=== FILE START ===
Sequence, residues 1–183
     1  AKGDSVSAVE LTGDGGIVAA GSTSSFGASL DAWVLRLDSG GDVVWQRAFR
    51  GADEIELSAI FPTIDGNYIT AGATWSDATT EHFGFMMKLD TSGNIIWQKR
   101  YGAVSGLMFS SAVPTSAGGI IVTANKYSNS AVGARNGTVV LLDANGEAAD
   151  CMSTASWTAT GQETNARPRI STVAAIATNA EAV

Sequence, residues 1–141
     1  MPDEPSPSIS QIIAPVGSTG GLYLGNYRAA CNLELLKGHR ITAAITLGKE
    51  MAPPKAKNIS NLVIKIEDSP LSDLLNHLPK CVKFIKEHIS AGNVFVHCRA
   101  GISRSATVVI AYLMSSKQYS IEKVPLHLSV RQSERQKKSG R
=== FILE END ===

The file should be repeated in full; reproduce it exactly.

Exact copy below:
Sequence, residues 1–183
     1  AKGDSVSAVE LTGDGGIVAA GSTSSFGASL DAWVLRLDSG GDVVWQRAFR
    51  GADEIELSAI FPTIDGNYIT AGATWSDATT EHFGFMMKLD TSGNIIWQKR
   101  YGAVSGLMFS SAVPTSAGGI IVTANKYSNS AVGARNGTVV LLDANGEAAD
   151  CMSTASWTAT GQETNARPRI STVAAIATNA EAV

Sequence, residues 1–141
     1  MPDEPSPSIS QIIAPVGSTG GLYLGNYRAA CNLELLKGHR ITAAITLGKE
    51  MAPPKAKNIS NLVIKIEDSP LSDLLNHLPK CVKFIKEHIS AGNVFVHCRA
   101  GISRSATVVI AYLMSSKQYS IEKVPLHLSV RQSERQKKSG R